I think you'll find that most of the wholesalers you'd refer to as "the real deal" do that. But, obviously this requires capital, at the very least transactional capital. For this reason, most newbies cannot do it this way - wholesaling is, after all, the best way to get into REI with no money, no credit, and no common sense...lol

Originally posted by @Karen Margrave :
Originally posted by @Jason Palmer:

Be careful when discussing or posting wholesale deals on Bigger Pockets' forums. Myself and several other wholesalers in my area have gotten complained on to the Florida DBPR and after looking into it we determined that ALL of the complaints came from upset brokers who saw our posts in Bigger Pockets. Everything I do is legal and checked by my attorney, but some people have nothing better to do than make trouble for you. I am in no way trying to start a discussion about the legalities of wholesaling. The point is that even if you are doing everything legally, a complaint to the licensing board can cost you unnecessary legal fees and time. Proceed with caution in this and any other forum when discussing or posting your deals. Wishing you all much success! 

So the obvious question would be, in your market, what did the Department of Real Estate conclude? Did they determine that wholesaling is legal or do they require a license? 

Most of the states require licensing of anyone that is involved in bringing a buyer and seller together to purchase or sell real estate when the person is being paid a fee, commission, etc. for the service. (It doesn't matter if it was lobbyists, or Santa Claus that pushed the State into regulating the activity, once it's a law, it's a law) 

Rather than warning people to be cautious where they discuss their business, it would make more sense to warn everyone to check with the State Department of Real Estate in the state you will be doing business; and find out for certain, whether or not wholesaling is legal.  

Here in Oregon, if a person owns a parcel of land in the name of an LLC, and decides to build a spec house on that parcel, even if the person is a licensed GC in Oregon, you are required to have a Developers license too and carry a bond and insurance. You are not allowed to call licensed subs for bids and schedule work, etc. on your job without it. Having been fined by the Contractors Board, I can tell you that very few of the bonding companies, insurance companies, General Contractors, rehabbers, subs, have EVER heard of this law, because most people don't do it. You also have to be a licensed GC to work on your own job if it's going to be sold, but not if you're living in it.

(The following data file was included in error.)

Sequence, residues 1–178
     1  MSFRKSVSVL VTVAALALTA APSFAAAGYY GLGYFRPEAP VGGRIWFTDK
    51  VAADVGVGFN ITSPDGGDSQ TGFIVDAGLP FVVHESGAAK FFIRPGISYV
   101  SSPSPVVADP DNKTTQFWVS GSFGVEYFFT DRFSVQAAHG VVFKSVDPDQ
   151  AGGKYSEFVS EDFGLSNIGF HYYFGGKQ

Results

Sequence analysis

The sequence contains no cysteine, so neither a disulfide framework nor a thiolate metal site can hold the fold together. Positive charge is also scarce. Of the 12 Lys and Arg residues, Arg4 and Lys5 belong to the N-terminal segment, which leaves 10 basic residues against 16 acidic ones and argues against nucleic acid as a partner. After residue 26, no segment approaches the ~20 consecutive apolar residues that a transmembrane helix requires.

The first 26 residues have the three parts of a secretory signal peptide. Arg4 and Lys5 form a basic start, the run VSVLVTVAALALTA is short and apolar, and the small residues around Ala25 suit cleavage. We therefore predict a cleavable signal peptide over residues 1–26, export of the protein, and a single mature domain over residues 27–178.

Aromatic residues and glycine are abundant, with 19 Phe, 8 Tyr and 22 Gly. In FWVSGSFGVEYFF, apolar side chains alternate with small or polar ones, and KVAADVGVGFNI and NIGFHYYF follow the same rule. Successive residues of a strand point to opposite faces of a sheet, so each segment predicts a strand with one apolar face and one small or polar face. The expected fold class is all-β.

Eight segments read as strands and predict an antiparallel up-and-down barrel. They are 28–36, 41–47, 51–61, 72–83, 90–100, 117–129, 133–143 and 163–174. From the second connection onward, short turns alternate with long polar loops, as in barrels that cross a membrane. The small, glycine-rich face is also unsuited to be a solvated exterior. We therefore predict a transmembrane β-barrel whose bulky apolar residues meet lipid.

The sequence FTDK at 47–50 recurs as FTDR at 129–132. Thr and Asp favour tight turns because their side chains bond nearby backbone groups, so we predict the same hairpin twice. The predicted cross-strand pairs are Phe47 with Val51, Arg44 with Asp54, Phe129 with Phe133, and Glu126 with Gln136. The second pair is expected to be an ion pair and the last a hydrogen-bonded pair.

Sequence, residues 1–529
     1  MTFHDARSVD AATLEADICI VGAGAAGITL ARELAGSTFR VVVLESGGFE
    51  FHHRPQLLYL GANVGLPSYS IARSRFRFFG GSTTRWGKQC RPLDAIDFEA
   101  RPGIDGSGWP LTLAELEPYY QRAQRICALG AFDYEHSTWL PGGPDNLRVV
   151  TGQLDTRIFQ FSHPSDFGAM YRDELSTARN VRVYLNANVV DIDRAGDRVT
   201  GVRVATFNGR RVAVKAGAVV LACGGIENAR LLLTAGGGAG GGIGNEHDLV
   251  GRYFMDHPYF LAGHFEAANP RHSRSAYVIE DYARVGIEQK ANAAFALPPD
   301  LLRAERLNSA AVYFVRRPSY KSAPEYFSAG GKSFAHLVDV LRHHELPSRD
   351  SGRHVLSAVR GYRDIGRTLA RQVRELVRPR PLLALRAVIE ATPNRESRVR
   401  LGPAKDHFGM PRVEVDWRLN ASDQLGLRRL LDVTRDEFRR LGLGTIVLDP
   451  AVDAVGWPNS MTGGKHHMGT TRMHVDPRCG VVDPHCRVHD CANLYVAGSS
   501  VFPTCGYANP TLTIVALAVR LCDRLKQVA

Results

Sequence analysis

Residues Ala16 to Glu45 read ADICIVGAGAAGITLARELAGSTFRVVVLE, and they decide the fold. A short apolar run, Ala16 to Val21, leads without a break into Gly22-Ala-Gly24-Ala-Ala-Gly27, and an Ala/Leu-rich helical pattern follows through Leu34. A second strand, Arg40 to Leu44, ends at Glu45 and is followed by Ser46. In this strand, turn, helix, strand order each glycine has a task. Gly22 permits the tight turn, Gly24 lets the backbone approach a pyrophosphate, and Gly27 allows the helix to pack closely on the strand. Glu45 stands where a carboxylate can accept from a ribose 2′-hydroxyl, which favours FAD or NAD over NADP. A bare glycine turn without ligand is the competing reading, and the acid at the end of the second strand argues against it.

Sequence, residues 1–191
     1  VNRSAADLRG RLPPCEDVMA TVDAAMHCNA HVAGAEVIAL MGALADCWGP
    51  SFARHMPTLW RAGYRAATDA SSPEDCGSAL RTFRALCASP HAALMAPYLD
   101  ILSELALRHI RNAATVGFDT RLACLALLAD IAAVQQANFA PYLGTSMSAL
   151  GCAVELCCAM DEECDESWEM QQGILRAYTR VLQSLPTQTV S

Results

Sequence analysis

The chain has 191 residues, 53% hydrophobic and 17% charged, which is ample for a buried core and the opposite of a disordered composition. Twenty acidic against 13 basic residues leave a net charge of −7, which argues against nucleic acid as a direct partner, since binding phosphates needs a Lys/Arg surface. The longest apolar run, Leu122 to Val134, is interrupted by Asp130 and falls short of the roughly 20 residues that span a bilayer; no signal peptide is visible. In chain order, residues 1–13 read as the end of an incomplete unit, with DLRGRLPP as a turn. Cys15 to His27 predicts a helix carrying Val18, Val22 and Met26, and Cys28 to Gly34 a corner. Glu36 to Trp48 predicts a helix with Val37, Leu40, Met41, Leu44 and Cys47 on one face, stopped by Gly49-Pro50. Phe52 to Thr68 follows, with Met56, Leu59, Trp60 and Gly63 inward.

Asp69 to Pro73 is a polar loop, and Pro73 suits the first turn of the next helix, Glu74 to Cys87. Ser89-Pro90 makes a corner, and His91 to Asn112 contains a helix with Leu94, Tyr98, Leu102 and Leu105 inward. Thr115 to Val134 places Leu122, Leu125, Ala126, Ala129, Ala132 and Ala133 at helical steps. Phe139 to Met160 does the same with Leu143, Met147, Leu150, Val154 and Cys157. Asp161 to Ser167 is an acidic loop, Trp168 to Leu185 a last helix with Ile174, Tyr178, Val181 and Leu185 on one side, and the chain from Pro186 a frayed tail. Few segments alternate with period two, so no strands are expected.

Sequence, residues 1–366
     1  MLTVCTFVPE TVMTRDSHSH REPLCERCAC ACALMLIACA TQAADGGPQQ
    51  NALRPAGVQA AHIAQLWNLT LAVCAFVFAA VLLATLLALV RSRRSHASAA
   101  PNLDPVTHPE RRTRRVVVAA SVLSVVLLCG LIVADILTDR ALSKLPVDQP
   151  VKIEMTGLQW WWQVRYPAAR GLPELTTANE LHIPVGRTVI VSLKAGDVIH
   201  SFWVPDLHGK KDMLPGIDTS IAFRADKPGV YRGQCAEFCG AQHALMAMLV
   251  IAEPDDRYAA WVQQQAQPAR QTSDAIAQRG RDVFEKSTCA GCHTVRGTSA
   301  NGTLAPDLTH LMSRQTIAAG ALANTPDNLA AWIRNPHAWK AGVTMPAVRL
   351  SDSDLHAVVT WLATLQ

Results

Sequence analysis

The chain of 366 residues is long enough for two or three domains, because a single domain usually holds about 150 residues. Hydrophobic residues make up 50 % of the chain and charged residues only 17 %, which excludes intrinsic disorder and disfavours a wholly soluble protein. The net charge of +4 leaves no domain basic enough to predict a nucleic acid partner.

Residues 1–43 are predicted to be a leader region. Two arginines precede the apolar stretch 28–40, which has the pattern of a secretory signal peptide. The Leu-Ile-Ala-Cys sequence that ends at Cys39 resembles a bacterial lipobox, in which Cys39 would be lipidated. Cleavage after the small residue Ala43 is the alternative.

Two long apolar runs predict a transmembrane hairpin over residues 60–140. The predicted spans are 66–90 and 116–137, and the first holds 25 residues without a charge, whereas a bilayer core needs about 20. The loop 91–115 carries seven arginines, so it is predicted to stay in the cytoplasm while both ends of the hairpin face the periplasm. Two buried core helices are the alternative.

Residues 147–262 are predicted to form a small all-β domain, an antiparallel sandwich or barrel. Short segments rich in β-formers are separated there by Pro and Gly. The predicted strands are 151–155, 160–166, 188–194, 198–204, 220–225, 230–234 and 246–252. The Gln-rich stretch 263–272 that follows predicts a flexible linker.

So, thinking you know what the laws are, isn't the same as knowing what they are. In CA all of those things listed above are perfectly legal. Where you are makes all the difference. 

YUp i got fined twice on this last year  LOL  bye bye 6k.. I do it again and probably bye bye ability to do any of this less i risk criminal prosecution  :)   but as more people get fined like i did and more people spread the word like you are..  flippers in Oregon will start coming more into compliance..   and we will see how far the Oregon DRE takes the un licensed brokering that goes on in every market.. they have already said its not legal to advertise in any form or fashion a real property you dont own that is clear..  

Originally posted by @Matt Pierce :
@Jason Palmer agreed! What were are doing as wholesalers is perfectly legal if you do go in with the intent to buy the property yourself and be upfront with the seller. In my market other wholesalers are removIng ads, Signs and reporting other wholesalers lol

 what generally does not fly is once U go into contract and then start running ads on 123 B st like your the owner.. 

so if wholesalers are reporting wholesalers who are they reporting them too... and does that indicate their activities are in some way contrary to the law or rules.. ????  throwing away bandit signs has been going on for as long as i can remember.. Not all wholesalers like to play nice with others